2022 Leadership Journey Project: Strategic data collection to understand breast cancer epidemiology in India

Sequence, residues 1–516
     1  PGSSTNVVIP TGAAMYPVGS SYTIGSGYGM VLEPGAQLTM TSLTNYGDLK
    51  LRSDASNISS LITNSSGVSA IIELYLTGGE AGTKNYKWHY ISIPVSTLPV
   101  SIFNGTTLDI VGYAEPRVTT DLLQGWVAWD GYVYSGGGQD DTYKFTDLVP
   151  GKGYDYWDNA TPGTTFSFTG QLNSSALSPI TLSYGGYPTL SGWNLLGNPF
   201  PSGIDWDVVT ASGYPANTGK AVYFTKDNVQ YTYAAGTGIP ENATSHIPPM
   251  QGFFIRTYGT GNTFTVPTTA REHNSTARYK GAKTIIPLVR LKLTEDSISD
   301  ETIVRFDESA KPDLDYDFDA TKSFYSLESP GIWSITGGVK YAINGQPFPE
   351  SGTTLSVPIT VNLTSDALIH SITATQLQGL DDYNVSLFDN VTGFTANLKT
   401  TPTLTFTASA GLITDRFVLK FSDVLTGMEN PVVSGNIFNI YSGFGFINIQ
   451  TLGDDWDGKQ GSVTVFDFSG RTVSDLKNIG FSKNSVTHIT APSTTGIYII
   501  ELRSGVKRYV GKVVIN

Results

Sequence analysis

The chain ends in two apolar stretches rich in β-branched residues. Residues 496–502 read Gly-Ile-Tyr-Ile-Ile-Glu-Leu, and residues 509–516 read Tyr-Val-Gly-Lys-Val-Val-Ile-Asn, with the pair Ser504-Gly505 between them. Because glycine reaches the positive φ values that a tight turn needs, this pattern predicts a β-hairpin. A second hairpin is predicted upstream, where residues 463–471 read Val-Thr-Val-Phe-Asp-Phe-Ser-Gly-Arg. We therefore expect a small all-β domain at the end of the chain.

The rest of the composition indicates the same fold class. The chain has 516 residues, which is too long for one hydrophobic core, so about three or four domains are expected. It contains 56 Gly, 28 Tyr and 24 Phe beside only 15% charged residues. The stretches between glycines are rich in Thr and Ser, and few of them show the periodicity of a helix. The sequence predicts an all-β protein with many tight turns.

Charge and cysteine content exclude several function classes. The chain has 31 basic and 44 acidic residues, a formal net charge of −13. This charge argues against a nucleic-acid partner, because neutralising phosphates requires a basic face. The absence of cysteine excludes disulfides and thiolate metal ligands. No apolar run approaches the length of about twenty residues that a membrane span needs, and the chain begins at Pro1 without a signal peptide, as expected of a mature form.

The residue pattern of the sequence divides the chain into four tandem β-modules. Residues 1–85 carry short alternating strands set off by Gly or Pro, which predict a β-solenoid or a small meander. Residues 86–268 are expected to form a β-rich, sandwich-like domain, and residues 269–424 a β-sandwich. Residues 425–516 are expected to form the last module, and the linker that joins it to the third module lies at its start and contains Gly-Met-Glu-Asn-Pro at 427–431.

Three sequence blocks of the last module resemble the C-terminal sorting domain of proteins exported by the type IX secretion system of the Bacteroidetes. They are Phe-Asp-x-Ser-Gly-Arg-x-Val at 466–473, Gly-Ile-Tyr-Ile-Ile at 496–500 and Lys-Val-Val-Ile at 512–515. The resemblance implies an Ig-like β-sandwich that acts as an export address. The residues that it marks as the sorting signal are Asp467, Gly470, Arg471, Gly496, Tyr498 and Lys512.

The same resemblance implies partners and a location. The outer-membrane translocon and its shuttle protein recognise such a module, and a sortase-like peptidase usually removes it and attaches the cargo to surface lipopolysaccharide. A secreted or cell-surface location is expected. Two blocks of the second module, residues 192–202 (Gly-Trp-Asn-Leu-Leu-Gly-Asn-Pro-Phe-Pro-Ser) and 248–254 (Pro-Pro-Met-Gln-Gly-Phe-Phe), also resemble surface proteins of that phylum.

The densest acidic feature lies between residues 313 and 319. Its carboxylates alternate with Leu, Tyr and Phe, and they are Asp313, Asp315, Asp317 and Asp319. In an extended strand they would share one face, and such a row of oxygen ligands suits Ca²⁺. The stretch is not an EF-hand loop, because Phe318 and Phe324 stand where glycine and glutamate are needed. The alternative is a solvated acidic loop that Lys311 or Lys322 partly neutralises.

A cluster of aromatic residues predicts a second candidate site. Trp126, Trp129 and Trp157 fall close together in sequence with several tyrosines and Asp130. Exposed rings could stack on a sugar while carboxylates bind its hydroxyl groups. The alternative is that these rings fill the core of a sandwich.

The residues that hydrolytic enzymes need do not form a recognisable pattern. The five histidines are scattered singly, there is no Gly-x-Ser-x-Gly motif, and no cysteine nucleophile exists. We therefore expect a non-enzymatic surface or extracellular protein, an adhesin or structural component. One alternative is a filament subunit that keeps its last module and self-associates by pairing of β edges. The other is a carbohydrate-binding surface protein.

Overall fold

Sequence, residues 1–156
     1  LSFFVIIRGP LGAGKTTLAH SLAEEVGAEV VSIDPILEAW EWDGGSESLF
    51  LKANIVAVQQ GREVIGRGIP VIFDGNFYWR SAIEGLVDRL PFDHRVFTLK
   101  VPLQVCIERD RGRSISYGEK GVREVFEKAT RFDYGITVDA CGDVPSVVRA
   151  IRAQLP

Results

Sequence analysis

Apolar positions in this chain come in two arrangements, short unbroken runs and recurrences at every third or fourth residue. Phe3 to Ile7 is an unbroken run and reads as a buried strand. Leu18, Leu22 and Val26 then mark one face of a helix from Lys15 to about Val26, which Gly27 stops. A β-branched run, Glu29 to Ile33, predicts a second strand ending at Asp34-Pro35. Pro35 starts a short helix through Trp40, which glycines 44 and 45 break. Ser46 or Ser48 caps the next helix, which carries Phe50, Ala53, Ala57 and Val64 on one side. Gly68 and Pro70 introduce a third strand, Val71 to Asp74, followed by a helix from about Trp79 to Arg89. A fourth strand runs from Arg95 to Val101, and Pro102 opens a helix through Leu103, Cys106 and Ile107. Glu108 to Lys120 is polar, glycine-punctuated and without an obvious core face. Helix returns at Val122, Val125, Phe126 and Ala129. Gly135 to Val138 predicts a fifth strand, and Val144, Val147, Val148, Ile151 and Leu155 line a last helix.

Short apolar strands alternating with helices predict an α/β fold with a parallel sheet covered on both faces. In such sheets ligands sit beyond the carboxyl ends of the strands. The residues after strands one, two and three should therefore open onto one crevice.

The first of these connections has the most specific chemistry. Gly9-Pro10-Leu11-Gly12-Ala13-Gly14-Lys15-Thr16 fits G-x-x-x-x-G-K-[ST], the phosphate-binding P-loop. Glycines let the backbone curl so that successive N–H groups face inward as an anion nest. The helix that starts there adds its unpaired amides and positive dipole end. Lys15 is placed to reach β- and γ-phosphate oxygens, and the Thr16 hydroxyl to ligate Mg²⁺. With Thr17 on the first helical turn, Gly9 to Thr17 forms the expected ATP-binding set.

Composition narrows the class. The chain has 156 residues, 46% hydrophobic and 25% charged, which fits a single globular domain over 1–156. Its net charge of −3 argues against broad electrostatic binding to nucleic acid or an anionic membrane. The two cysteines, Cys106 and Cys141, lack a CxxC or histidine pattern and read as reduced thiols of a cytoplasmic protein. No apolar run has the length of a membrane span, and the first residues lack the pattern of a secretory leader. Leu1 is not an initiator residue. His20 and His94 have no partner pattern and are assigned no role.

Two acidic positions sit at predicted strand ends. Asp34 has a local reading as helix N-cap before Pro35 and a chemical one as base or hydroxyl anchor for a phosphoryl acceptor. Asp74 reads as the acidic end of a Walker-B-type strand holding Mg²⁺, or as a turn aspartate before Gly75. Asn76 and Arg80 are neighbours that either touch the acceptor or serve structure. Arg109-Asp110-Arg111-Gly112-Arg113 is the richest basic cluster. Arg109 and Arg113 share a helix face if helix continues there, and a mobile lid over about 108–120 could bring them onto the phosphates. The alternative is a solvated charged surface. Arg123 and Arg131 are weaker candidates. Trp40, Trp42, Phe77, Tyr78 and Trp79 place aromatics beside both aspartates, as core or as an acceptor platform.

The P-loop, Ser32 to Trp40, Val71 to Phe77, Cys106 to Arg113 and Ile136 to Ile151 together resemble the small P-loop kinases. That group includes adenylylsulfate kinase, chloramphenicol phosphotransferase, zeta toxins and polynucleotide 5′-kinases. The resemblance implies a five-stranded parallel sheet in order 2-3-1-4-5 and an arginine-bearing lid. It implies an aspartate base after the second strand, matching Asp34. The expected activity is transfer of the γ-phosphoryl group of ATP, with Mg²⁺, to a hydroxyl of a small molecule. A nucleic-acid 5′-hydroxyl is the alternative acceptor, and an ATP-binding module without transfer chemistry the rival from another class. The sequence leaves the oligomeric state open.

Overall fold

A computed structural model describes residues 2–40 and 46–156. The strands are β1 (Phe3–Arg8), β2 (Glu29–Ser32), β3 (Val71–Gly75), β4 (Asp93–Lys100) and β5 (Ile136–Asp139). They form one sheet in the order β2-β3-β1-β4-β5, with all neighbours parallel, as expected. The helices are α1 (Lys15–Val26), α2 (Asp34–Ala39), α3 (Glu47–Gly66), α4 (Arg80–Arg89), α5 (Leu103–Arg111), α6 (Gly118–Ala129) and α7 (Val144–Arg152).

In the early 2000s, as a young aspiring student in India, immensely allured by the process of science, I constantly deliberated on what makes developed countries better at quality research output. I got intrigued by the disparity. To understand the reasons, I made a conscious decision to go for a PhD overseas, despite having a prestigious CSIR fellowship in India. During my PhD at the University of Maryland, I was offered every opportunity to explore with open arms and without judgement. My best teachings came from my postdoctoral work at MGH-Harvard. Not only did I gain experience in cancer biology, but I also became the person I am today, taking the team forward with constructive encouragement and a focus on the greater good. My colleagues appreciated my forthrightness and taught me to be unabashed about it. My move to Singapore was translational in every sense. I was a young mother, an early career scientist and determined to prove that success can be effortless even for a woman. My work focused on molecular pathology and translational breast cancer research in Singapore. I returned to India, armed with a DBT fellowship, eager to test my learnings. At my current institute, I started leading translational projects that were in nascent stages. With immense support from the senior management, I conceptualized and initiated the breast tissue biobank with the vision that tissue repositories with annotated patient data are essential to understand cancer profiles and identifying targeted therapies. In 2020, the pan-India network came together to build a cancer genome and molecular profiling consortia, Indian Cancer Genome Atlas (ICGA). My efforts to set up a biobank integrated well with this national program. I am now nominated to be the Convener of Science Leadership Team for the ICGA. I consider this one of the highest rewards a young scientist can expect to receive.